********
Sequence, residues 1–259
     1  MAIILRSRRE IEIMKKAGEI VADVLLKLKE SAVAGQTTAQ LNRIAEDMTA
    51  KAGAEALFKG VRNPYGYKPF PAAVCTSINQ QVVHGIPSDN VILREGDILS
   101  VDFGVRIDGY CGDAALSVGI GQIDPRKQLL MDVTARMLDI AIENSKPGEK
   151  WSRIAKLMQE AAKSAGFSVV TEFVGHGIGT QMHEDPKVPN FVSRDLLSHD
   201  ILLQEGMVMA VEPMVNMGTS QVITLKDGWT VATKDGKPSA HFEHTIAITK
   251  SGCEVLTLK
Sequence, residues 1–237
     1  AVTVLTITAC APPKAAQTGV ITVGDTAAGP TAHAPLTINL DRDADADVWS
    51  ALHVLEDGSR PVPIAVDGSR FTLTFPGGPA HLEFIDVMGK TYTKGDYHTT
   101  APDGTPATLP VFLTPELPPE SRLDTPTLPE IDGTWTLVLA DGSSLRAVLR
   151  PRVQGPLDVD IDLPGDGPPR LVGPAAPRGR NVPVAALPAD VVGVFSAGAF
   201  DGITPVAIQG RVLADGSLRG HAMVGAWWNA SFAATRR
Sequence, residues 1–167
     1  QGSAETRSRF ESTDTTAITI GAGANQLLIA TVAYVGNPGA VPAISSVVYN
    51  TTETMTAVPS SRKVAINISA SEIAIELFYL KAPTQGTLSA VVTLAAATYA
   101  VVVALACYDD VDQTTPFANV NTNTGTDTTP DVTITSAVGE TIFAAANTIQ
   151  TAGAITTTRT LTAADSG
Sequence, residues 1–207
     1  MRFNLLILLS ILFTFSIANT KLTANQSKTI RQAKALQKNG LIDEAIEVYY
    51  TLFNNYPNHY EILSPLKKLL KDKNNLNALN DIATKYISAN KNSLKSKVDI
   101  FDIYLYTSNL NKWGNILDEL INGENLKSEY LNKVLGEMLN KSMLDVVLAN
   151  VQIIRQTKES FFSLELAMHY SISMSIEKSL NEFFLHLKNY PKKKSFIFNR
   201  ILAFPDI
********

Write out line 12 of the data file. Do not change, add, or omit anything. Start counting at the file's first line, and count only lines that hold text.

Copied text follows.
   151  PRVQGPLDVD IDLPGDGPPR LVGPAAPRGR NVPVAALPAD VVGVFSAGAF